- Examine both gateposts. Check the gateposts to make sure they are level (perfectly horizontal) and plumb (perfectly straight vertically). One or both of your gateposts may not be exactly upright. You can eyeball this, or use a spirit level for greater accuracy.
- Examine the hinges on the fence gate. On fence gates, each hinge is typically attached with two sets of lag bolts. A lag bolt (sometimes called a lag screw) is a steel screw used for wood projects. It looks like a screw, but the top is flat, thick, and hexagonal. Note the size of the bolt — 1/4-inch, 1/2-inch and 3/8-inch are common lag bolt sizes — in case you have to replace one that is rusted or missing.
- Disconnect the bottom hinge first. Even if the hinge looks perfectly fine, go ahead and disconnect it by removing the lag bolts with a ratchet or open-ended box wrench.
- Now, tackle the top hinge. Partially disconnect the hinge by removing only the lower lag bolt.
- Lift and shore up the leaning post. Set stones, bricks or blocks around the post to prop it up to the desired upright position. A spirit level will give you an accurate reading. You may have to dig around the post to reset it or replace a wooden one that has warped or rotted.
- Reset the top hinge. Once the post is level, reattach the lower lag bolt on the top hinge. Tighten it securely with a ratchet or wrench. Use blocks or stones to prop the fence gate erect or have a helper hold the fence gate steady and straight.
- Next, reset the bottom hinge. Don’t be surprised if you have to reposition the holes in the post: The old holes no longer match up due to wear. Rather than lift the fence gate, your best option is to drill new holes so that the fence gate remains aligned. Moving the hinge just this small amount will correct the angle and prevent the fence gate from sagging. Use a drill to make new holes that are slightly smaller than the screw you’ll use to attach the hinge. For example, use a 3/16-inch drill bit for a 1/4-inch screw.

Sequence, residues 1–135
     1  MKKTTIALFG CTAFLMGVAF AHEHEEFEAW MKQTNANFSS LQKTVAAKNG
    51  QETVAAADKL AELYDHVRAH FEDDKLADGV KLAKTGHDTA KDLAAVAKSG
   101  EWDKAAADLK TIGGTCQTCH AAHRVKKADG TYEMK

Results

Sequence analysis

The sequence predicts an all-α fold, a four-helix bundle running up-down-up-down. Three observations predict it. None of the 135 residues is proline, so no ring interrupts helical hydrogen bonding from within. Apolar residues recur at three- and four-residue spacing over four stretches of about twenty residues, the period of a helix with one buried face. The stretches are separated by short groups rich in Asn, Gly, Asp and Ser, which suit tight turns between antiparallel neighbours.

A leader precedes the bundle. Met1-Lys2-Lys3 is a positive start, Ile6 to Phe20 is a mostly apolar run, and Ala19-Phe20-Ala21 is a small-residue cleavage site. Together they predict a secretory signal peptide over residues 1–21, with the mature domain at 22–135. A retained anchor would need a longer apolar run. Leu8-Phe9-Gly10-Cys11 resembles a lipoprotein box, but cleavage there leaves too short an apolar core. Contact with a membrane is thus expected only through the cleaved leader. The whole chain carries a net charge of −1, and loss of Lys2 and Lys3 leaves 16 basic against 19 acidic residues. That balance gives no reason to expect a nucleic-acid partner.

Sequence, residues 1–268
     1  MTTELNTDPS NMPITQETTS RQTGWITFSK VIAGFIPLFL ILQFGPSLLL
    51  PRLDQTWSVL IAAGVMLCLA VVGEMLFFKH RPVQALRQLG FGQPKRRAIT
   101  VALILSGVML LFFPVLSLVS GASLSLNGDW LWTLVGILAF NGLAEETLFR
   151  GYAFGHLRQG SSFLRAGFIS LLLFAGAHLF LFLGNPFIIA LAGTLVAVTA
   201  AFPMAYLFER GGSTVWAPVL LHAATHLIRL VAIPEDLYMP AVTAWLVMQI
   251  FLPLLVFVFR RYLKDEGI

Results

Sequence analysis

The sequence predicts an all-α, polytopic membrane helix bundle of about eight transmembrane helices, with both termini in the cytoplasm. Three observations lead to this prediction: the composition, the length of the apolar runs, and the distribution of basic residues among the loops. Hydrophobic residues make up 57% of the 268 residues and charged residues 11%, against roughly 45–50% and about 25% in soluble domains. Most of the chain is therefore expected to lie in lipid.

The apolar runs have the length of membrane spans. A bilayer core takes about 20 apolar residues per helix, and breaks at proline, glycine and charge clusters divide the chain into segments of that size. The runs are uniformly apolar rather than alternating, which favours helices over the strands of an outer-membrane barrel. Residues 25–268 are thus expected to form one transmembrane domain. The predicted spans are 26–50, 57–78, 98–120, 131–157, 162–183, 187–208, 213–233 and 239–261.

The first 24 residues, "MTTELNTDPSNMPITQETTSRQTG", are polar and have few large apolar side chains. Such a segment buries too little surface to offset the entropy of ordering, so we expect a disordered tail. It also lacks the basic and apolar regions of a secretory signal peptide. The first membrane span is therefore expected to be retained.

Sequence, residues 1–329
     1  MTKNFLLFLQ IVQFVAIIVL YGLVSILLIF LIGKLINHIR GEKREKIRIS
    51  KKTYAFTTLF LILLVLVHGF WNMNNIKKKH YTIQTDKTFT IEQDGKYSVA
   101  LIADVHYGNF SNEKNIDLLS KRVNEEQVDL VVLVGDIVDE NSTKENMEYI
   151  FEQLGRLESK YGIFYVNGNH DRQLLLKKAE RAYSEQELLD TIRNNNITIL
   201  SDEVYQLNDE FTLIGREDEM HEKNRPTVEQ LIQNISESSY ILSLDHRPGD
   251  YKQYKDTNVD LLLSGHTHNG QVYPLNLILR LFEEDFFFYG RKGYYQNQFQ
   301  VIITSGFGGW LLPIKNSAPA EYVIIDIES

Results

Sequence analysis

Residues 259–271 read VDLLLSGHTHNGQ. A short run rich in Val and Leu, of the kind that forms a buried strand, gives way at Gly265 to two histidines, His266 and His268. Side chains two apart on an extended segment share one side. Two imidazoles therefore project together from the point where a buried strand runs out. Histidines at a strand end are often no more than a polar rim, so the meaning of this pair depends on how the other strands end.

- Replace the lag bolts on the bottom hinge. Tighten all the bolts on the top and bottom hinges and either oil the hinges or spray them with WD-40 or a similar lubricant so the fence gate will swing freely without creaking. Repeat these steps on the other gatepost if necessary.
- Heavy or long fence gates (such as a wooden driveway fence gates) may need additional support to keep them from sagging again. Installing guy wires — strong metal wiring that attaches fence gates to the tops of their posts — can help keep them level. You may want to check out fence gate wire kits for this purpose; these usually contain all the parts required in a single package.
One reader wrote to disagree with the advice supplied in this article for hanging fence gates, saying, "The author writes 'If a fence gate is sagging, the problem is usually the supporting posts, the hinge connection or both.' That's incorrect. The usual cause of a 'sagging gate' is the failure or the absence of a correctly installed diagonal brace." On the latter point, said reader elaborates as follows: "Based on all that I have seen and read elsewhere, the correct way to install the diagonal support to prevent sagging is from the bottom hinge side to the top latch side."
However, another reader, Harvey, responded to this by writing: "But, if you look at several other websites, they all seem to state the diagonal support goes from the top hinge side to the bottom latch side."
What You Need
- Spirit level
- Ratchet or open-ended box wrench that fits hexagonal (6-sided) bolts
- Replacement hinge or replacement lag bolts if needed
- Oil or WD-40 for the hinge